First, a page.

In South Africa, the illegal mining industry continues to flourish, almost in defiance of global commodities slump, which has resulted in some mining companies closing or “rightsizing” their operations. This can be inferred from growing number of deaths, which signify increasing or constant level of activity. Chillingly, illegal mining continues to attract risk-taking participants who are even willing to take the bullet to secure the precious ore.
The outcome of the recent court case that RDM Newswire reported has produced intriguing facts:
- The grafters, the middlemen and the refineries
In the sector, there are three key players: the grafters who willing to go down deep into the belly of hazardous and unforgivable abandoned mines, and, the middle men who buy for a dime and sell them at market prices to refineries.
- The middle men can face the might of the law
Three middle men who profited from proceeds of illegal mining ten years ago were convicted this week in a landmark court ruling in Johannesburg. This was the first time the kingpins have faced the might of the law, and representatives of mining companies believe this sends a strong message to all perpetrators.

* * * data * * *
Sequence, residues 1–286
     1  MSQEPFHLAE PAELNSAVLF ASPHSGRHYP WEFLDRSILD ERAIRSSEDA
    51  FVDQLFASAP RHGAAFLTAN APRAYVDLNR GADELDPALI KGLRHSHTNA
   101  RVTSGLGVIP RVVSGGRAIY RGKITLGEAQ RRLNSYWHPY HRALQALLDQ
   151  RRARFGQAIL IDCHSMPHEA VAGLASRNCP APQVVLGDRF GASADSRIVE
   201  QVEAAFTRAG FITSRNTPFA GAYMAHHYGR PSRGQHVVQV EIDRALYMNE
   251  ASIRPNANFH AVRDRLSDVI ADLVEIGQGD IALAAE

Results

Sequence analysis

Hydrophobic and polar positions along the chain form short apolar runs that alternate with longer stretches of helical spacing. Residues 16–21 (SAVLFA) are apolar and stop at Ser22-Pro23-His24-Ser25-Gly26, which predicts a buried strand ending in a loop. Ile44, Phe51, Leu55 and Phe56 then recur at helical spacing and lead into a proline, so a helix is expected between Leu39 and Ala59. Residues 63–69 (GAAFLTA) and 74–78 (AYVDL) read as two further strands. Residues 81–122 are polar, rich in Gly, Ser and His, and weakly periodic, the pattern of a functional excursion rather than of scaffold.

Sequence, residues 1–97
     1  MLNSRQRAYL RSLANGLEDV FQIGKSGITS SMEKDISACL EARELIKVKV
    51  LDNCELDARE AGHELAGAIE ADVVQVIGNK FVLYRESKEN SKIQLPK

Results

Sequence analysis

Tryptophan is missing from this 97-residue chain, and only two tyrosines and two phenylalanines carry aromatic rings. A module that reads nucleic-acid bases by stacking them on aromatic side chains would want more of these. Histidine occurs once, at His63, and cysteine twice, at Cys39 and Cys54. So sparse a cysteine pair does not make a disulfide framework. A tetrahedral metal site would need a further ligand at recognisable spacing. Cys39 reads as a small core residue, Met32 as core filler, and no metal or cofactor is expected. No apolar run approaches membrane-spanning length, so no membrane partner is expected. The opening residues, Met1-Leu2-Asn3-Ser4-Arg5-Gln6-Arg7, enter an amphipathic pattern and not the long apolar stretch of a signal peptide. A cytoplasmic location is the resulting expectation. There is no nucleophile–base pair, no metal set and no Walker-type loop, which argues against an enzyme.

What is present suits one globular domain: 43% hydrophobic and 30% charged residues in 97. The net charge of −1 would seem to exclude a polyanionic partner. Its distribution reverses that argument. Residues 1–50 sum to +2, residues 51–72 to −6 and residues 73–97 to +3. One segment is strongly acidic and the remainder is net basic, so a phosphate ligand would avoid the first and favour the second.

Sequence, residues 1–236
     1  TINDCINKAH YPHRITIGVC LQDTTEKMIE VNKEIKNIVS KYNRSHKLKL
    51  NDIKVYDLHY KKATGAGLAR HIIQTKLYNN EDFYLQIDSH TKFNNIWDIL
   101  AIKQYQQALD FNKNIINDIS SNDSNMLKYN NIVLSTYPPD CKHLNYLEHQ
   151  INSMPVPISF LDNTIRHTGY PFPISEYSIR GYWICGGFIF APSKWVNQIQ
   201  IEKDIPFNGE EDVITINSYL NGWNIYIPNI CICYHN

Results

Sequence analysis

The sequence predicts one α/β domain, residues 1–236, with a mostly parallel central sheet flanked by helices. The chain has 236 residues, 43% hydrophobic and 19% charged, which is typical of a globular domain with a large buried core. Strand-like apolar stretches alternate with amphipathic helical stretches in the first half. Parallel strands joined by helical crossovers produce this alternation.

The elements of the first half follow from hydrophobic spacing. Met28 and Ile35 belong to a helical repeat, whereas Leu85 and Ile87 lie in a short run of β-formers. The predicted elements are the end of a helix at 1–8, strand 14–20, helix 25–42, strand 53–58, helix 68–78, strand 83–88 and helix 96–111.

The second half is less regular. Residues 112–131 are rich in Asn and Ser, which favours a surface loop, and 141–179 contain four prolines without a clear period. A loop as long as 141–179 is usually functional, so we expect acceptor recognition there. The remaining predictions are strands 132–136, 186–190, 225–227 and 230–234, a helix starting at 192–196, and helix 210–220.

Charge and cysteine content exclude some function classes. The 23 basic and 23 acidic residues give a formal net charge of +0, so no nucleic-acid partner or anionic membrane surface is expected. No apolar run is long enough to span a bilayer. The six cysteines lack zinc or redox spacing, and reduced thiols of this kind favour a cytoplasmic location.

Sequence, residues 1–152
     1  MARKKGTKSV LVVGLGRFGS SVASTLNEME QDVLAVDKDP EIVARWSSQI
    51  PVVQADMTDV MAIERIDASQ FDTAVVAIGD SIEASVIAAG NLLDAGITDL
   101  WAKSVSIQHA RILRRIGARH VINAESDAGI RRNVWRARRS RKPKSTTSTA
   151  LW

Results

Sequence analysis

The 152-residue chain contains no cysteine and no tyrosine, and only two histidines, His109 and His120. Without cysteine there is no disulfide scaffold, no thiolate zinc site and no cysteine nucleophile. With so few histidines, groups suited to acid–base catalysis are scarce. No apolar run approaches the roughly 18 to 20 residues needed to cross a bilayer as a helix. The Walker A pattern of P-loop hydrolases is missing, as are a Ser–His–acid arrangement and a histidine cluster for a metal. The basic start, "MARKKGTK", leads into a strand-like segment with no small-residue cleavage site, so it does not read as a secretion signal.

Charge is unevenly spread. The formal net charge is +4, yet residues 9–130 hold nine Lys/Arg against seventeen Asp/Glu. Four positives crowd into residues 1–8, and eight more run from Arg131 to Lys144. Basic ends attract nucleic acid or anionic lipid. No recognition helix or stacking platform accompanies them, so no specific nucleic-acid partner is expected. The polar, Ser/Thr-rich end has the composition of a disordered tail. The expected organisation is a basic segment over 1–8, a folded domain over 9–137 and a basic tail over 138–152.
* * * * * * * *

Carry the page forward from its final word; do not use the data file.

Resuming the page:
- Illegal mining worth 10% of Gold industry
Statistics of illegal mining cannot be easily compiled owing to its underhand nature. However, in 2013 South Africa’s Chamber of Mines estimated that it could be worth about 10% of gold industry production, and that’s conservatively.
- Illegal minerals can be laundered
Another fact that emerged from the recent court ruling in South Africa is that one offender with a legitimate dealer can buy from an illegal miner and pass the products as acquired legitimately.